Boyhood Review

           There are just some films that you are going to remember forever.  They can be perfectly constructed, wonderfully unique or even completely change how you look at cinema.  After finally seeing it for a second time, I can finally confirm with a lot of thought that Boyhood is a masterpiece.  Despite its title, Boyhood is a universal film that is difficult not to fall in love with.  It could just have easily been called Parenthood or Sisterhood as the film does great justice to all of its main characters, and while the film is incredibly realistic, there is something uniquely cinematic about it.

            Boyhood follows the growth of one man from boyhood to adulthood over the course of twelve years.  What makes this film unique, though, is that director Richard Linklater (who directed one of the greatest depictions of romance with the Before trilogy) actually shot the film over a course of twelve years with the same cast and crew.  It would be easy to label this monumental undertaking as a gimmick, but it’s not as Linklater finds a way to make this a film filled with interesting parts that lead to an even greater whole.

            Boyhood is a perfect combination of the scrapbooking of American culture during the aughts and the life philosophizing that worked so well in the Before trilogy.  A lot of this has to do with the editing of the film, which knows just the right amount of ingredients needed to make this film really sparkle while also jumping so seamlessly through time that you won’t even notice some of the time jumps.  Whether it’s the moments of humor (which will make you smile while ringing completely true) or the tear-jerking nature of the film (do to the fact that it is so hard not to notice a little bit of your own life and struggles within these characters) every single element of this film just works.  Even the errors that arise due to the changing nature of the world during the process of making this film (including a moment where Roger Clemens is treated like a hero and another in which the future of Star Wars beyond Episode Six is deemed impossible) just add to the uniqueness of the film.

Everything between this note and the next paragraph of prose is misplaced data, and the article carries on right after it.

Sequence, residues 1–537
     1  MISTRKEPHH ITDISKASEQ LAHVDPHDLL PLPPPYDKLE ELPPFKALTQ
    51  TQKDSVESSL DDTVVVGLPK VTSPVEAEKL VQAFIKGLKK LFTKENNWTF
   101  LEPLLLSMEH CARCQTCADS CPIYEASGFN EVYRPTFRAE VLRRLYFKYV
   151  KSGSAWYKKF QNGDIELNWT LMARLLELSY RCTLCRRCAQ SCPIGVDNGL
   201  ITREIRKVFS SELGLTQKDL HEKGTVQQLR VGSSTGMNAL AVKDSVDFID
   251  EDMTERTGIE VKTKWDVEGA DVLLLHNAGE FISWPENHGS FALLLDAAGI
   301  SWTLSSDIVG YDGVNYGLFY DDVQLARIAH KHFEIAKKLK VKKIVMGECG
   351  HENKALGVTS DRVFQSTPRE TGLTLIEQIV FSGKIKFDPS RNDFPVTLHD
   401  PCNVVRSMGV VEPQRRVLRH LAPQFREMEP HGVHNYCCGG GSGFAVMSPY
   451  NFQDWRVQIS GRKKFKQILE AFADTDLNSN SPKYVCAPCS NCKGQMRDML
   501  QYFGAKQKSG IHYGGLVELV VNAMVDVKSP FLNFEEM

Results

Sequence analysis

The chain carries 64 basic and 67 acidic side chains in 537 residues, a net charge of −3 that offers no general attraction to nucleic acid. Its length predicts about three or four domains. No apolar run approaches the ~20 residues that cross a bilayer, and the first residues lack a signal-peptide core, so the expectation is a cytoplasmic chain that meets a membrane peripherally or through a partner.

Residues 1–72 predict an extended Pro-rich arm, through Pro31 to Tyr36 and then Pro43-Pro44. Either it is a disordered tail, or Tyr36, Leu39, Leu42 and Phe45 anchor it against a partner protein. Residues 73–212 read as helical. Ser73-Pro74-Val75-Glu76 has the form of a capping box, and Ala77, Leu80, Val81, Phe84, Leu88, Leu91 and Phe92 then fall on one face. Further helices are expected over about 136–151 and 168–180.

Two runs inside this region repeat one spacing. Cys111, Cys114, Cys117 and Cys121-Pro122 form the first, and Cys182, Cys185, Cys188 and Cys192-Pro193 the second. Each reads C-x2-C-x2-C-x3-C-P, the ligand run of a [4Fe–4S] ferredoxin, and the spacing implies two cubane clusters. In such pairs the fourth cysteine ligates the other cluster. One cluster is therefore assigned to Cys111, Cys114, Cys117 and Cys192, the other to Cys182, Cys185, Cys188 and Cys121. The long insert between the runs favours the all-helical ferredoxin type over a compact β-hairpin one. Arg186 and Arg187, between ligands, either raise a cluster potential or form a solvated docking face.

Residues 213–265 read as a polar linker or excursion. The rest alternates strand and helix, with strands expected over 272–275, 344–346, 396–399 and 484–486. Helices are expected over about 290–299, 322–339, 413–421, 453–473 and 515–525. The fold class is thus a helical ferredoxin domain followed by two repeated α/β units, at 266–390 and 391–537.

However, this film wouldn’t be anything without its incredible cast.  Patricia Arquette is the hero of the film.  She is the source of strength that this film can reliably go back to for good material, and her performance leads to a powerful final monologue that is hard to forget.  Meanwhile, Ethan Hawke makes a case for his collaboration with Richard Linklater as being one of the best in cinematic history.  He just really understands what Linklater wants out of him.  Ellar Coltrane (who slowly adapts into the perfect actor for Linklater’s writing style over the course of the film) and Lorelei Linklater (who is quite the scene stealer) also deliver great performances.  Linklater is even able to get relative nobodies from the supporting cast to deliver performances that appear to come from a seasoned veteran (especially from Marco Perella as one of Patricia Arquette’s many husbands over the years).

            As great as the Before Trilogy is, Boyhood is Richard Linklater’s magnum opus.  It was twelve years in the making, but people will be talking about this film for however long film exists.


The Roosevelts: An Intimate History Review

            Last week Ken Burns debuted his latest documentary series as The Roosevelts: An Intimate History aired over seven nights on PBS.  At almost fourteen hours in length this is a gargantuan series, and while Burns is known to make long projects this is his longest since 2007’s The War.  To be honest, most of Ken Burns’ works need some editing down, but never have I felt the strain in one of his works as I do with The Roosevelts: An Intimate History.  While there are still many informative tidbits to be had from this project, most of it feels overlong, overdone, and ultimately a bit of a retread.

            The Roosevelts: An Intimate History begins quite effectively as we are introduced to the first in its Roosevelt triumvirate, Theodore Roosevelt.  What this miniseries makes clear is that he is one of the most fascinating figures in American history, and whenever he is the focus The Roosevelts can be very lively.  It is also helpful that the series got some great voice work out of Paul Giamatti to inhabit the role of Teddy. 

            Unfortunately, it almost seems like Teddy is made into a side character in his own miniseries as Franklin D. Roosevelt is almost immediately introduced as well in the first episode.  That would have been okay if the FDR segments were handled as well as the Theodore Roosevelt segments.  Instead, they are just regurgitation of commonly known facts or a retread of things that Ken Burns has already covered (World War II in The War, and the Great Depression in The Dust Bowl). 

            However, the most poorly done character in the miniseries is Eleanor Roosevelt.  She is set up as an important figure in both Theodore and Franklin’s life and yet finds herself constantly being given the backseat in this miniseries.  It also doesn’t help that it is clear that Meryl Streep is Acting with a capital A even if you can only hear her.  The Roosevelts might actually be at its best in the last hour of the program when it’s almost exclusively about Eleanor.  It really makes you wonder what this miniseries could have been if it gave Eleanor some more focus.